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1 SUMMARY Optimization of Tack Coat for HMA Placement Selection of an optimum tack coat material and application rate are crucial in the development of proper bond strength between pavement layers. In general, selection of tack coats has been mainly based on experience, convenience, and empirical judgment. In addition, quality-control and quality-assurance testing of the tack coat construction process is rarely conducted, resulting in the possibility of unacceptable performance at the interface and even premature pavement failure. The main objectives of this project are to determine optimum application methods, equipment type and calibration procedures, application rates, and asphalt binder materials for the various uses of tack coats and to recommend revisions to relevant AASHTO methods and practices related to tack coats. During the course of this project, the research team developed the Louisiana Tack Coat Quality Tester (LTCQT) to evaluate the quality of the bond strength of tack coat in the field. Repeatability of measurements using the LTCQT was acceptable, with an average coefficient of variation of less than 11%. Research in this project also resulted in the development of a training manual, which is presented in Appendix F. The training manual pro- vides a comprehensive presentation of the recommended construction and testing procedures for tack coat materials. The Louisiana Interlayer Shear Strength Tester (LISST) was developed for the characteriza- tion of interface shear strength of cylindrical specimens in the laboratory. The LISST device was designed such that it will fit into any universal testing machine. The average coefficient of variation in the LISST test results was less than 10%. As part of the experimental program, the research team constructed full-scale test overlays at the Louisiana Transportation Research Center's (LTRC's) Pavement Research Facility (PRF). The overlays included different tack coat application rates between a new hot-mix asphalt (HMA) overlay installed over several types of pavement surfaces including old HMA, new HMA, milled HMA, and grooved portland cement concrete (PCC). Five types of tack coat materials were each applied at three application rates. The quality of tack coat application was evaluated using the LTCQT, specimens were cored from the test pavements, and interface shear strength was measured in the laboratory using the LISST device. Based on the findings of this project, the following conclusions were drawn: With respect to the interface shear strength in the field: For the effect of emulsified tack coat type, trackless tack coat exhibited the highest inter- face shear strength (ISS), and CRS-1 resulted in the lowest interface shear strength. These results relate directly to the viscosity of the residual binders at the test temperature (25C). For the effect of application rate, all tack coat materials showed the highest interface shear strength at an application rate of 0.155 gsy. Within the tested application rate range, it was difficult to determine the optimum residual application rate. This may be attributed to the highly oxidized HMA surface at the LTRC PRF site, which required greater opti- mum tack coat rates than expected. It may also indicate that, under actual field conditions,

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2 optimum application rates are greater than what is commonly predicted from laboratory- based experiments. It is noted, however, that while higher application rates may increase interface shear strength, excessive tack coat may migrate into the new asphalt mat during compaction, causing a decrease in the air void content of the mix. For the effect of confinement, the ratio of interface shear strength between confined and no-confinement test conditions was always greater than 1. This ratio increased as the resid- ual application rate decreased. Therefore, a specification developed based on no-confinement testing conditions would yield a conservative estimate of the ISS values. For the effect of dust, the majority of the cases showed a statistically significant difference between clean and dusty conditions. It appears from these results that dusty conditions exhibited greater ISS than clean conditions, especially when tested with a confining pres- sure. This likely resulted when the dust combined with the asphalt and formed mastic with a resultant viscosity higher than that of the neat residual asphalt, plus the sand particles may have provided grit at the interface to further increase the ISS. However, one should note that these results are based on using a uniform and clean sand to simulate dusty condi- tions. Therefore, cleaning and sweeping of the existing pavement surface is recommended to avoid negative effects of dusty conditions. For the effect of water on the tacked surface, the majority of the cases showed no statisti- cally significant difference between dry and wet conditions. This data indicates that a small amount of water can be flashed away by the hot HMA mat and, thus, have inconsequential effects on the quality of the tack coat. This study used only hot mix as the overlay material; the use of warm mix may change this finding. In addition, these results are based on using a small quantity of water to simulate rainy conditions. Therefore, a dry and clean surface is recommended to avoid the negative effects of water on the bonding at the interface. For the effect of surface type, a direct relationship was observed between the roughness of the existing surface and the shear strength at the interface. Therefore, the milled HMA surface provided the greatest interface shear strength followed by PCC, old HMA, and new HMA surface. Table S-1 presents the recommended tack coat residual application rates for different surface types. For the effect of tack coat coverage, the use of 50% coverage significantly reduced the interface shear strength by a factor ranging from 50% to 70%. In addition, the use of 50% tack coat coverage resulted in inconsistent and non-uniform interface bonding behavior for tacked surfaces. For the effect of preparation method, laboratory-prepared specimens grossly overestimated the interface shear strength when compared with pavement cores. In addition, when increasing tack application rates, a decreasing trend in ISS was observed in laboratory- prepared specimens, while an increasing trend was observed in the field. For the effect of temperature (from -10 to 60C), ISS increased with the decrease in temperature. In addition, the bonding performance, as measured by the interface shear strength of the trackless emulsion, was superior to that of the CRS-1 emulsion, especially at temperatures greater than 40C. Table S-1. Recommended tack coat residual application rate. Surface Type Residual Application Rate (gsy) New asphalt mixture 0.035 Old asphalt mixture 0.055 Milled asphalt mixture 0.055 Portland cement concrete 0.045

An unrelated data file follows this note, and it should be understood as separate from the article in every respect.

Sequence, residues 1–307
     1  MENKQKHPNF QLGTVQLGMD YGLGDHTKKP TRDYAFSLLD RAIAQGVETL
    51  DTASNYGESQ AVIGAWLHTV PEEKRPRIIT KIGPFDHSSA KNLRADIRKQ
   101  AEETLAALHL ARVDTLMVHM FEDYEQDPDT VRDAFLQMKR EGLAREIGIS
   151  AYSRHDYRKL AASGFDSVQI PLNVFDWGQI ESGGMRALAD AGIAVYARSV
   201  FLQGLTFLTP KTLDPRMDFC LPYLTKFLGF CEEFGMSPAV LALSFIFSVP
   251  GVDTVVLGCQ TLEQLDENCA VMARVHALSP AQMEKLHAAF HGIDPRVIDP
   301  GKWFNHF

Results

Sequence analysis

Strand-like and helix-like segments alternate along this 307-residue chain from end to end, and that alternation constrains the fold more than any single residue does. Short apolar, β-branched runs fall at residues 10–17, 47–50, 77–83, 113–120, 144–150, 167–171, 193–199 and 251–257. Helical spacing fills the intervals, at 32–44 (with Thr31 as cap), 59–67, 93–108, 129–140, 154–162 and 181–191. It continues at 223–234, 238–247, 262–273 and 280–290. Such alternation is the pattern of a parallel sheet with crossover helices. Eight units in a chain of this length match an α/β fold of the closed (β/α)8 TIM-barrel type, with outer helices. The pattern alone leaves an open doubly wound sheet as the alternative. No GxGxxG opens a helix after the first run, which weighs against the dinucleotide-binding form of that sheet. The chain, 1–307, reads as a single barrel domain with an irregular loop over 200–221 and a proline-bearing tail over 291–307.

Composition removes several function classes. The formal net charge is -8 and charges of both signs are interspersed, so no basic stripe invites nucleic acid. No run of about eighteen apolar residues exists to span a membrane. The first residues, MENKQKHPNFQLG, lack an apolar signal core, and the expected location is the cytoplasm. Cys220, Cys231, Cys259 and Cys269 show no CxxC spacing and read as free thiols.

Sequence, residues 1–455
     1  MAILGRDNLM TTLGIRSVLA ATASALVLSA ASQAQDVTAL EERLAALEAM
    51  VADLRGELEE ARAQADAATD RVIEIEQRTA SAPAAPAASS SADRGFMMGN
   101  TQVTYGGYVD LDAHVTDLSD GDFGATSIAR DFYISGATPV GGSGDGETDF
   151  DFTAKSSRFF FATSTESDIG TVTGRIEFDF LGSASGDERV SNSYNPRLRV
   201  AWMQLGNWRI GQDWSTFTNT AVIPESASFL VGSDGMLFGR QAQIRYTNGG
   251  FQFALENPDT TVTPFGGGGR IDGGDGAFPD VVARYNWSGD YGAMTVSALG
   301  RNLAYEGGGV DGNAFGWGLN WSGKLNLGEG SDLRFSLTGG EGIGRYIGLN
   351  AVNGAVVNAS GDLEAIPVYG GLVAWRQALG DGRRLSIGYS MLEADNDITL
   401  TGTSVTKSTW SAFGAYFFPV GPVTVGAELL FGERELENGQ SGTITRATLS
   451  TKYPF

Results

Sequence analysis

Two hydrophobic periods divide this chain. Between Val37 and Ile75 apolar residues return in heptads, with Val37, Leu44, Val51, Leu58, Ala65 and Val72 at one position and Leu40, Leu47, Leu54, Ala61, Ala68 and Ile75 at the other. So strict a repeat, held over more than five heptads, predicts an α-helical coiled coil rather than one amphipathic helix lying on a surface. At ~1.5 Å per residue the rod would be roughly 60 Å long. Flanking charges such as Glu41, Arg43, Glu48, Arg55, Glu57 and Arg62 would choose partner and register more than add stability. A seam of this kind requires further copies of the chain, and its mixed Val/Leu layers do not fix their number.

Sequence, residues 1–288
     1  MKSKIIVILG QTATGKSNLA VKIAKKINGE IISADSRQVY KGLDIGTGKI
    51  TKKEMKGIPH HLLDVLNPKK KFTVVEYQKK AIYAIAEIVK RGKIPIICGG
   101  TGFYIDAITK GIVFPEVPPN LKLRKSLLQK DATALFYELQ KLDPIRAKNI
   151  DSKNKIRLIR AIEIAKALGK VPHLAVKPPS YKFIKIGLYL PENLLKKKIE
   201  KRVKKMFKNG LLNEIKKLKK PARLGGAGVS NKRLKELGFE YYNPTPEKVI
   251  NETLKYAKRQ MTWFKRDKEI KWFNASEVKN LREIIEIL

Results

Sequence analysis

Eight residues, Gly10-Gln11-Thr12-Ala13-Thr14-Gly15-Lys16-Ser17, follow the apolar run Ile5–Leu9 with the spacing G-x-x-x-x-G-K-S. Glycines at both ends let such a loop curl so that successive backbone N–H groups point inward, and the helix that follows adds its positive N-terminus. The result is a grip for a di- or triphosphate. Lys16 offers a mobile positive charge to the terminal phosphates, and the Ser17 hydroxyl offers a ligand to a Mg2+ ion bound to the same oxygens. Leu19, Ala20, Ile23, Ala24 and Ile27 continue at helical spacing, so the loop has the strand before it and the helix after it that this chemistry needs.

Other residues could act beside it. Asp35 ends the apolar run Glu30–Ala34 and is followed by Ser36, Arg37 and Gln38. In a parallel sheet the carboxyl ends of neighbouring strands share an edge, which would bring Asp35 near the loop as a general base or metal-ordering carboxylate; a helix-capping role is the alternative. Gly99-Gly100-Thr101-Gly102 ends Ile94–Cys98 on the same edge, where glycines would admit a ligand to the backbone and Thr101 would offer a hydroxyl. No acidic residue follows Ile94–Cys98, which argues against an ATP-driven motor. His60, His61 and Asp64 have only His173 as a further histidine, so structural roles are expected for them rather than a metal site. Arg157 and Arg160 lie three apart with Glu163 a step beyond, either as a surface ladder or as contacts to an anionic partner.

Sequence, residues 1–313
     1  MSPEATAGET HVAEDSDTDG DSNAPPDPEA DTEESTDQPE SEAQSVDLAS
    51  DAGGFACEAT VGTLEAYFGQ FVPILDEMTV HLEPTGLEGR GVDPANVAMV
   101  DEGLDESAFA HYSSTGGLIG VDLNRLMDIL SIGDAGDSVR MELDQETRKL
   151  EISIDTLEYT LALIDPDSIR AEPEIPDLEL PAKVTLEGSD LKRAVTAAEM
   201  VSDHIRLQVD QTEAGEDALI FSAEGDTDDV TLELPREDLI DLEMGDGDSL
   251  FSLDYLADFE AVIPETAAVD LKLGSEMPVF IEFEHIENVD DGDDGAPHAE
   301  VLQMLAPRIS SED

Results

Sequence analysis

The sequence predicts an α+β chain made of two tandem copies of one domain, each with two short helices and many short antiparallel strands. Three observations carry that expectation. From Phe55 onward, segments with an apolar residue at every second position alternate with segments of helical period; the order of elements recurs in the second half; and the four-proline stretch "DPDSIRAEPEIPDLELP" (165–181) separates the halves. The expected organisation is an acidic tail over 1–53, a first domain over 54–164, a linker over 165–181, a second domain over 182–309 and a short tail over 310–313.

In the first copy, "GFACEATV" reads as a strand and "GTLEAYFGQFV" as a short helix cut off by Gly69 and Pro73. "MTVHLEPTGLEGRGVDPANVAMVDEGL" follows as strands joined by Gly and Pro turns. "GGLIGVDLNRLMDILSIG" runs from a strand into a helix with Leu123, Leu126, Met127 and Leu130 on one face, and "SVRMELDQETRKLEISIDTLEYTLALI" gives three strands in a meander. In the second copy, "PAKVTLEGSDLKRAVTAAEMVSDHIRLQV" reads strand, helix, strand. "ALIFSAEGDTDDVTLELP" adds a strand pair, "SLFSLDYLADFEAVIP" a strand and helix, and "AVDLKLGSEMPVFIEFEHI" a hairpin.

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3 Based on the results of the finite element (FE) analysis, the minimum laboratory-measured interface shear strength in the LISST device that provides acceptable performance is 40 psi. With respect to the tack coat spray application quality in the field: Tensile strength of each tack coat material increased, reached a peak, and then decreased as the temperature increased. The tack coat materials tested using LTCQT exhibited a maxi- mum tensile strength, SMAX, at a distinct temperature, TOPT. Thus, the response of tack coat material in tension was characterized using SMAX at TOPT. For the tack coat materials evaluated, a good correlation was observed between the tensile strength and absolute viscosity. Within the range studied, an increase in viscosity (resis- tance to flow) was associated with an increase in tensile strength. For the tack coat materials evaluated, a good relationship was observed between the maxi- mum tensile strength and the corresponding softening point. An increase in the material softening point was correlated to an increase in the maximum tensile strength. Based on the results of this study, it is recommended to conduct the LTCQT test at the tack coat base asphalt softening point, which is a quantity that can be easily measured and specified.